It's estimated that 10 to 15 million Americans work from home. Many women, including a great percentage of moms, find the work-from-home opportunity the perfect fit for their lifestyle.
But working from home is hard work, especially with kids in the picture. Whether you're contemplating a work-from-home opportunity or already heading to your in-house office each day, here are ten tips to help make the business adventure a success.
1. Get Everyone in the House on Board
Without family support, your at-home business won't survive. The kids must understand the times when mommy might be home but can't be disturbed. Your spouse must step up to duties you might otherwise assume but can't because of work. Share the household workload.
2. Create an Office or Work Space
Even if you can do your job sitting on the couch with laptop in hand, creating work space is important. Whether it's an actual office with doors and a desk or a corner of the bedroom partitioned by a room divider, you need an area that's off limits to the kids. Another bonus: Office space for an at-home business is tax deductible.
3. Establish a Schedule — But Work When You Can
Establish a base schedule: A set chunk of hours, certain days of the week, etc. where you perform the bulk of your duties. This is especially important if you have clients working traditional business hours at an office.
But embrace the flexibility working from home allows. Are you an earlier riser or night owl? What tasks can you complete late at night when the family's asleep, or in the morning before everyone wakes up? Do quick tasks when the baby's napping.
4. Take Breaks
Just because you're already home doesn't mean you don't deserve a break. Take a mid-morning and mid-afternoon break, long enough to stretch your muscles, do some breathing exercises, or make a quick personal call. Schedule a lunch hour and step away from the computer.
5. Don't Do Laundry During Office Hours
It's so tempting to fold those clothes or unload that dishwasher, but you couldn't do any of that if you were at an office building. Treat your at-home job as you would any other job, avoiding the temptation to do house chores during business hours.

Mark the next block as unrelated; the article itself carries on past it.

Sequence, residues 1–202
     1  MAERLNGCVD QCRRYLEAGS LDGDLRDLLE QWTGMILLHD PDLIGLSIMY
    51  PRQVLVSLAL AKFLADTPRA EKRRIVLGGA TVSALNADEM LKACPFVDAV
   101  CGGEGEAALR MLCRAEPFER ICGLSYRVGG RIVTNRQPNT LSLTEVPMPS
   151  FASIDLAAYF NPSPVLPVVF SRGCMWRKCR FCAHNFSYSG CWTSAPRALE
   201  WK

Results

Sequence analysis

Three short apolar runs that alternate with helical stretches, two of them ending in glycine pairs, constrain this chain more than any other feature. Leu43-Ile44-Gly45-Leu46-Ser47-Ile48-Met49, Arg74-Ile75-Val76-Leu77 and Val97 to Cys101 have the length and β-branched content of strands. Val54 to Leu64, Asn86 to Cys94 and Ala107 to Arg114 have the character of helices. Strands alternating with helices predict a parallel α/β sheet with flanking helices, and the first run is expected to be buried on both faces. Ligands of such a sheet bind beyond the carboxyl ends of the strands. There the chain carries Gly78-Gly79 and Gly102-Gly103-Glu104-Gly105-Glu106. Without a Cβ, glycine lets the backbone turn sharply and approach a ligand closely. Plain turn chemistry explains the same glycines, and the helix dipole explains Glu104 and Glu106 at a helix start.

6. Write a Job Description and Keep Track of Goals and Achievements
Write a job description that highlights your duties and responsibilities, and track your goals. Doing so keeps you on target. Additionally, having an updated resume is essential when you're working from home. Writing a job description makes the task simpler.
7. Multitask Wisely and Organize
If juggling multiple duties at once doesn't come naturally, figure out a way to learn this all-important skill. Working from home affords flexibility, but with flexibility comes the need to do multiple duties. Organize your day. Whiteboards and calendars become your new best friends. Also, check out Zoho.com, recently featured on Lifetime Television's The Balancing Act. Zoho has organizational solutions, paperwork, productivity apps, and much more for professionals who work from home.
8. Utilize Pre-School, Child Care, or Sitters
Ah, the joys of taking business calls with a tired toddler at your feet! Don't confuse working from home with being at home. If your budget permits, consider preschool, child care, or other options during daytime hours. You'd do so if your office was downtown instead of downstairs, right?
9. Establish Connections Within the Profession
Join a professional association, attend conferences and seminars, and participate in online forum discussions. Networking and staying in tune with current topics within your industry are critical for your professional development.
10. Get Out of the Office
Remember the idea of taking a break that was mentioned earlier? Make one break long enough to allow you time out of the house. Meet a friend for lunch, go to the gym, walk the dog. Yes, it's your office, but it's also your home. You'll burn out and go stir crazy if you don't find a change of scenery.
Working from home is a great alternative for many women wanting to balance their personal and professional life, as long as family support and the right mindset and tools are in place.